Monday, April 30, 2007

Fun at the Gynecologists' Office!

I had my annual OB/GYN appointment today. It was an interesting experience, to say the least. First of all, I got there an hour early. I thought my appointment was at 1, but it was actually at 2. "Great," I thought, "Now I'll be here forever..." My gynecologist is very popular and always double booked. His appointments usually run a half an hour behind, minimum.

I went back to the waiting area to begin what I feared would be a very long wait. I was pleasantly surprised when I got my name called only a few minutes later, had speedy and painless blood work done, and then got called back quickly by the nurse. "You're the first one here this afternoon, so you get to jump ahead of the line." The nurse said as she walked me towards the ultimate torture device (aka, the scale). "Same as last year!" She remarked cheerfully as she wrote down my weight. I guess I should be happy that it wasn't higher than last year's weight, but I was hoping for a miracle loss of 10 pounds since I stepped on this morning's bathroom scale.

We got back to the exam room and she took my blood pressure. "116/70," She told me. I have no idea what's good or bad for blood pressure, I've just always been told mine is fine, so I feel stupid when they tell me the result and look at me like I'm supposed to know what that means. "Is that ok?" I asked. "That's good!" she replied. That's cool.

She asked me a few more questions, told me to get undressed, and headed towards the door. It wouldn't open. She tried it again. It was stuck. "We've been having problems with this door." She explained. She jiggled the door again. And again. Then she called the nurse's desk and said, "Can someone come let me out of Dr. L's exam room? The door is stuck again." So another nurse came from the outside to let her out. The door wouldn't budge.

Now might be a good time to mention that the nurse was hugely pregnant, due 'any day' according to our small talk at the ultimate torture device earlier. She jokingly said, "You'd better hope I don't go into labor." Um, yeah. I'd bust the freaking door right down if that happened.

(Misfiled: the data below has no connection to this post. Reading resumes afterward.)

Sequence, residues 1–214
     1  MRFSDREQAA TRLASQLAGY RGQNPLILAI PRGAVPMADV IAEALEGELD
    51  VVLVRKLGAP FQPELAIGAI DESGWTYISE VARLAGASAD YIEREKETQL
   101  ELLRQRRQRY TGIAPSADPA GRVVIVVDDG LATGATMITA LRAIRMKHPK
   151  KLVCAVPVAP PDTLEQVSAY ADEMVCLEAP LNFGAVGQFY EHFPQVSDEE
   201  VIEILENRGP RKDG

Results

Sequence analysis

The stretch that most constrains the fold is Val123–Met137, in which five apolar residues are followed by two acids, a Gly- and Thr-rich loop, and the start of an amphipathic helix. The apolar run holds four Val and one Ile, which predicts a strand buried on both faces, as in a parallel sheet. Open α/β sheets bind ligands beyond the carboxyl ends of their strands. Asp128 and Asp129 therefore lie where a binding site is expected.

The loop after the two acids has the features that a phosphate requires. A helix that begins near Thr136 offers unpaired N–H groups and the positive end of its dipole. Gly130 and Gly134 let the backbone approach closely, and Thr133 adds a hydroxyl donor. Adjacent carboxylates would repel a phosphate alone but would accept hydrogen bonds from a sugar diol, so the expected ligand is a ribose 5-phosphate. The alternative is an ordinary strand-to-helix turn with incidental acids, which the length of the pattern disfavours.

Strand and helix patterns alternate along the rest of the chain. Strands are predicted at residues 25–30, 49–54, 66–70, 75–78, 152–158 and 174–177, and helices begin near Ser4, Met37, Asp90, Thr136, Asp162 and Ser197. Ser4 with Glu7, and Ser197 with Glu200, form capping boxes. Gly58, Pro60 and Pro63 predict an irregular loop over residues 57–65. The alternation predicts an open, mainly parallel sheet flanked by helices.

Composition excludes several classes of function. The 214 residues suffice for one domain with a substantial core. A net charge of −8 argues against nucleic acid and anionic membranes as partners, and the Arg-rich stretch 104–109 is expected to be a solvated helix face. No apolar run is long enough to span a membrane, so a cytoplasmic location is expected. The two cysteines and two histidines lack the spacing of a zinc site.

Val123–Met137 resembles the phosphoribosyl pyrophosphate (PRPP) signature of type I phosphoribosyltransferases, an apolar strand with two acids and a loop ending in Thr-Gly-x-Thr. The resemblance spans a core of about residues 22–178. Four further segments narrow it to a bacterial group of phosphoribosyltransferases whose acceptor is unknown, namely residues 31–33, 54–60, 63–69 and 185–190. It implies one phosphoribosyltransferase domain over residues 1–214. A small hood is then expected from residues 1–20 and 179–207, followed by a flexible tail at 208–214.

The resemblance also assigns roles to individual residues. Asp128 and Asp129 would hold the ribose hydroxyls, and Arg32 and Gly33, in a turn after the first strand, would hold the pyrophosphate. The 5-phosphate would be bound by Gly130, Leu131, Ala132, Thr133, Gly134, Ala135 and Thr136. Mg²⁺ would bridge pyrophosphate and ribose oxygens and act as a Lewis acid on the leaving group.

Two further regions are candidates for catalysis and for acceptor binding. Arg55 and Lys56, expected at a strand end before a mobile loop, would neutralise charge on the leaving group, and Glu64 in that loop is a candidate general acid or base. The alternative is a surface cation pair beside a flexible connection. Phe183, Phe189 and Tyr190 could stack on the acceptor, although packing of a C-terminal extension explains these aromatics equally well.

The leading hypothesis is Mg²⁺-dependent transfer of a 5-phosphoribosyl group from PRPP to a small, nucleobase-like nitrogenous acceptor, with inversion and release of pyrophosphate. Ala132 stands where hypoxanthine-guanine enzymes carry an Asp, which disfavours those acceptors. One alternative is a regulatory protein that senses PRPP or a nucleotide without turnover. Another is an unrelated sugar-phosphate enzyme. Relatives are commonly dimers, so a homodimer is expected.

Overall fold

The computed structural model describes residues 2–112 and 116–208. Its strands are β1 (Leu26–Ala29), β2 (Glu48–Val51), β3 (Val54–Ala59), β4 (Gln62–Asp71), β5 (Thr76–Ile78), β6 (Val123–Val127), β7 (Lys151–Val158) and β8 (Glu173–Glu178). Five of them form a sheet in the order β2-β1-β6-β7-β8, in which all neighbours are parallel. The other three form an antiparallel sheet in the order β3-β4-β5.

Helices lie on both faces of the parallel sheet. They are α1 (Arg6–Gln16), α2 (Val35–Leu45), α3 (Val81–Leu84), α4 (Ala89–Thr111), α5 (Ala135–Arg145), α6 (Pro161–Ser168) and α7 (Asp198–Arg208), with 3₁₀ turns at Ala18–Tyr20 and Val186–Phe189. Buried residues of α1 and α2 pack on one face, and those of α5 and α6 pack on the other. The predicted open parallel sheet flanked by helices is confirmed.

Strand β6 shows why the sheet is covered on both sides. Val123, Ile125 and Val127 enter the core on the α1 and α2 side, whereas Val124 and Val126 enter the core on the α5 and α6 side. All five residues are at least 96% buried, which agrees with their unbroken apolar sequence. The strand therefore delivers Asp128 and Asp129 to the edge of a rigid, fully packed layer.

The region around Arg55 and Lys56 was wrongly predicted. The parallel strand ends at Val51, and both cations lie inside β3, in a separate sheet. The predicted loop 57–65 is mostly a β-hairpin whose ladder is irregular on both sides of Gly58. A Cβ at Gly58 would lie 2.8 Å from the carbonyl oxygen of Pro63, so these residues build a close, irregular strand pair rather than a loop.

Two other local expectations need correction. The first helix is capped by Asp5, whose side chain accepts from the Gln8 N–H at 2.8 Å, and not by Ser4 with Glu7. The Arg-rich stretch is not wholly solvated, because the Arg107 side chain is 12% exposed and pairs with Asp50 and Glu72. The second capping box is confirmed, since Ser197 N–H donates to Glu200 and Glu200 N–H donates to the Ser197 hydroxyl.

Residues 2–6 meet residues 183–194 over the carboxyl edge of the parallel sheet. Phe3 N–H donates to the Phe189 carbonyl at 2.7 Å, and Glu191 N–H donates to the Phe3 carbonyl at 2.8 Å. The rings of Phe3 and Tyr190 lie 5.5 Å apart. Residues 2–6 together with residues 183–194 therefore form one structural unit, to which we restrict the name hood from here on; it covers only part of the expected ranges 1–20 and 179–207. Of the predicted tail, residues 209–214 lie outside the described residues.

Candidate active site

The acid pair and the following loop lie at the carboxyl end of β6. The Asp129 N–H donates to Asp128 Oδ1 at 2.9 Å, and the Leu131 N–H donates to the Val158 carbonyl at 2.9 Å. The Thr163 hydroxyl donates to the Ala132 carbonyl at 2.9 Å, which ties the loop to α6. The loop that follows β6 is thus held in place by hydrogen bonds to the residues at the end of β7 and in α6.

We waited for about five minutes while they called maintenance team. The nurses were messing with the door all the while. "Good thing this happened with me, instead of when you're in here with Dr. L while you have your clothes off." The nurse cheerfully quipped. Yeah, I suppose this is better than that would be. Marginally. Dr. L isn't hugely pregnant.

"You don't have to pee do you?" I joked thinking that personal questions about bladder capacity are only allowed when aimed at hugely pregnant ladies in circumstances like this. She assured me that she was good for at least another half an hour in that department.

The nurses finally jimmied open the door and decided that they had to tape the latch shut so that it didn't get stuck again. But with the latch stuck, the door wouldn't stay closed, so the nurse told me she'd stand guard by the door while I disrobed and put the sheet around my nether regions.

Dr. L came into the exam room, fully updated about the door situation. He ripped off the tape so that the door would close, and I eyed the door questioningly. "We'll pop the hinges off if we get stuck again." He said and began with the breast exam. No biggie. Then came the fun part. I scooted down, put my feet in the holders, and was in my very most vulnerable position (lit up by the exam light to boot!) when we heard the maintenance guy outside. He started fumbling with the door. I was mortified. The nurse and the doctor shouted "NO!!" at the same time. The nurse ran to the door and yelled, "We have a patient in here! DON'T OPEN THE DOOR!!" She promised to guard the door for the rest of the appointment. Just in case.

By this time, I was beet red, and ready to get the hell out of there until next year. "We're going to be a real clinic someday." Dr. L joked. "See you next year!" And out he went, having no trouble opening the door.

I got dressed and then tried the door myself. The effing thing was stuck again. I tried it. I tried again. I knocked on the door to see if any nurses, or the maintenance guy, or someone, were standing outside within earshot. No luck. I tried the door a third and fourth time. I went to the phone and found the extension for the nurses station. "This is Joy..." one of them said when she picked up. "Joy, I'm stuck in this room again and can't open the door." I said. "Oh, you poor thing!" She said and came to help. She wiggled the door a bit, and was able to open it up.

I came out of the exam room (Finally!!) and the maintenance man was there waiting to fix the door. I got about ten steps away from the door when he yelled, "Miss! Miss! You left your shirt in the room!" Wha? I looked down making sure that in my haste to get the hell out of Dodge, I didn't actually forget to completely dress myself. My shirt was safely on. The nurse looked in and said to the maintenance guy, "Oh, that's the sheet patients use to cover up."

The look on that poor man's face was enough to make me smile. "Oh, um, sorry." He mumbled. He was clearly miserable about his mistake. I'm guessing that he's not real clear on the protocol for gynecological exams.

I raced out of there and decided that it was a good thing I took the whole afternoon off, instead of just part of it. I needed time to recover. Or at least time to formulate my blog posting. :)

Credit Card Connivery and the Wailing Wal-Mart Woman